Grandma Had a Feather Bed, And a Canning Cellar!

Grandma Had A Feather Bed, And A Canning Cellar!

Some of you may have memories of a grandmother’s cellar cache of jams, jellies, fruits, vegetables, relishes, pickles, and sauces. On a frosty morning in the middle of winter, she would serve freshly baked bread at breakfast with a berry spread that tasted like the fruit had just been harvested. The crunchy snap of a pickle at lunch, a side dish of peaches or pears you swore just fell from the tree might fool your taste buds into thinking that it was still growin’ time. While outside winds howled and snow blew, there would be bowls of warmed corn, string beans, and zucchini smothered in stewed tomatoes on the dinner table. They might have been canned during the most recent harvest. They might have been put up several seasons before. You couldn’t tell. What is canned today can last for years.

Those were gentler and slower-paced times, to be sure, and without artificial preservatives, canning was simply a given in many households. Those Norman Rockwell days are no more, but one thing remains a constant. When produce is at peak freshness, canning will assure the palette of “nothing like it” taste – regardless of the time of year. As life became more complicated and demanding of our energies and hours, we welcomed convenience foods, fast foods and “instant anything.” We were ever so grateful for things like MSG, sulfur dioxide, sodium nitrate, BHA, BHT, ethanol and methylchloroisothiazolinone (in addition to artificial coloring, wax, and pesticides). And, don’t forget, there is the lag time between field and store when vitamins and minerals simply tire of the journey so fewer are left by the time they reach the table. We forgot what really fresh food tasted like and settled for “good enough.”

A funny thing happened, however, on the way to a downsized economy! Unemployment and diminished incomes became the mothers of re-invention for many. Suddenly people were plowing up backyard lawns and replacing them with produce gardens. Some built raised vegetable beds for patios and kept watch on “upside down tomatoes clusters” hanging anywhere they could get some sun. Still others (often those living in apartments/condos) participated in community gardening… a chance to meet new friends and to grow the best of the best in food. Eating healthier was becoming more of a priority and buying locally grown products was seeing a resurgence. Classes in canning and sustainable living practices were springing up around the country. People began gathering for canning bees and canning parties.

Those canning supplies that had taken a back seat in the basement or garage suddenly found themselves being washed off and enjoying a new sense of place and appreciation. Of course, they always knew they could win hands down over cardboard-flavored convenience meals. They were vested in integrity, nutrition, and “just off the farm” flavor.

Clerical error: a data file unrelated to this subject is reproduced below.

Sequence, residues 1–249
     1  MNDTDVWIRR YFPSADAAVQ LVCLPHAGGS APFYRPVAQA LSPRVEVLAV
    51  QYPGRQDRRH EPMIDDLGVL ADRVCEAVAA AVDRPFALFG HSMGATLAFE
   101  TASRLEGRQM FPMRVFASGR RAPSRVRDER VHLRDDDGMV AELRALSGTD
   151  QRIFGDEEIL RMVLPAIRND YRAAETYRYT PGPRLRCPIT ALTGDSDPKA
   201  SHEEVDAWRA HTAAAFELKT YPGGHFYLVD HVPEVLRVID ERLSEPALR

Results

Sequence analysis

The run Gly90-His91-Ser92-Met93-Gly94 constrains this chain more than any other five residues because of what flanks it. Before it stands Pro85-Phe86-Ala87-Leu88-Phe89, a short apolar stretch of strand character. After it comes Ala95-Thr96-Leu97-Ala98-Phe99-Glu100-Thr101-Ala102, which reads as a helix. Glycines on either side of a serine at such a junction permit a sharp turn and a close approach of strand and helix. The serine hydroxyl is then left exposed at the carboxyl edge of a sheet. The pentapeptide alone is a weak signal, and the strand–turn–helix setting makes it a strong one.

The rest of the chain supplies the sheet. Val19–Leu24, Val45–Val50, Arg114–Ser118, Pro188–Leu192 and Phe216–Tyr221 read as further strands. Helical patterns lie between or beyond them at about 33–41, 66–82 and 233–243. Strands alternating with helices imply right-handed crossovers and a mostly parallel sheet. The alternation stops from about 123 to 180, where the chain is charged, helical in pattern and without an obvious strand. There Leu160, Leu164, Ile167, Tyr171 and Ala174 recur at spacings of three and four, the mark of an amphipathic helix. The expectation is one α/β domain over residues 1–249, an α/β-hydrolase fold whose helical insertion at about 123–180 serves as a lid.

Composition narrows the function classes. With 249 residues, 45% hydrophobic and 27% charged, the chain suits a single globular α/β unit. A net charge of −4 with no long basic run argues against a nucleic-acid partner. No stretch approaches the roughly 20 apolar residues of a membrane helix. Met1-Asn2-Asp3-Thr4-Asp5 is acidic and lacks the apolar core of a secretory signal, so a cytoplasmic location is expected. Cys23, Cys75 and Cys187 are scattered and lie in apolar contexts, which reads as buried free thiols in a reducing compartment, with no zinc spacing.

Okay, the argument can certainly be made that canning is a lot of work. You bet your favorite pickling jar it is! A lot of work. A lot of time. And, it’s certainly messy! When looking at a kitchen counter full of ripe produce, one might be tempted to think… “forget it!” I say, a most predictable and rational response. But then, we know what hard work is. We do it every day. We fight traffic to get to work and then work like hell to keep our jobs.

Canning is a very different type of work and the rewards are not only satisfying, they are yummy beyond words. Canning can bring people together and even become the basis for creating new rituals in an era when rituals are sadly fading from our cultural landscape. Sure, the kitchen gets messy. The slicing, dicing, cooking and sealing don’t come with short cuts. But then, integrity has no short cuts. Hands and arms get sticky (although the sticky tastes darn good!). People who have rediscovered canning tell of how it is complimenting the experience of nostalgia for front porches and more time with family and friends. They are seeing canning as a real boost to health, community and the checkbook.

So, turn off the cell phone, TV, and iPod. Facebook will still be there when your last can has been sealed and stored. Invite a few friends over for a canning fest. Have them contribute to the stash of produce to be canned. Share recipes, sweat, laughter and successes. If after pickling cucumbers the house smells like brine, so what? Take the time with children to teach them about conservation, healthy eating habits, and all things natural. If they resist? Remind them that you just might “can” the iPod and PSP and the next time they see either could be in a jar of tomato sauce nine years later!

Begin with simpler canning methods using cucumbers, tomatoes and fruits. Avoid the frustration of trying complicated recipes at first. Enjoy the “fruits” of your labor and when opening that first can of chemical-free delectables, take pride in work well done. Granny would be so proud!

The Author:

Ben Regan

Photo. Michal Jarmoluk

Source: EA

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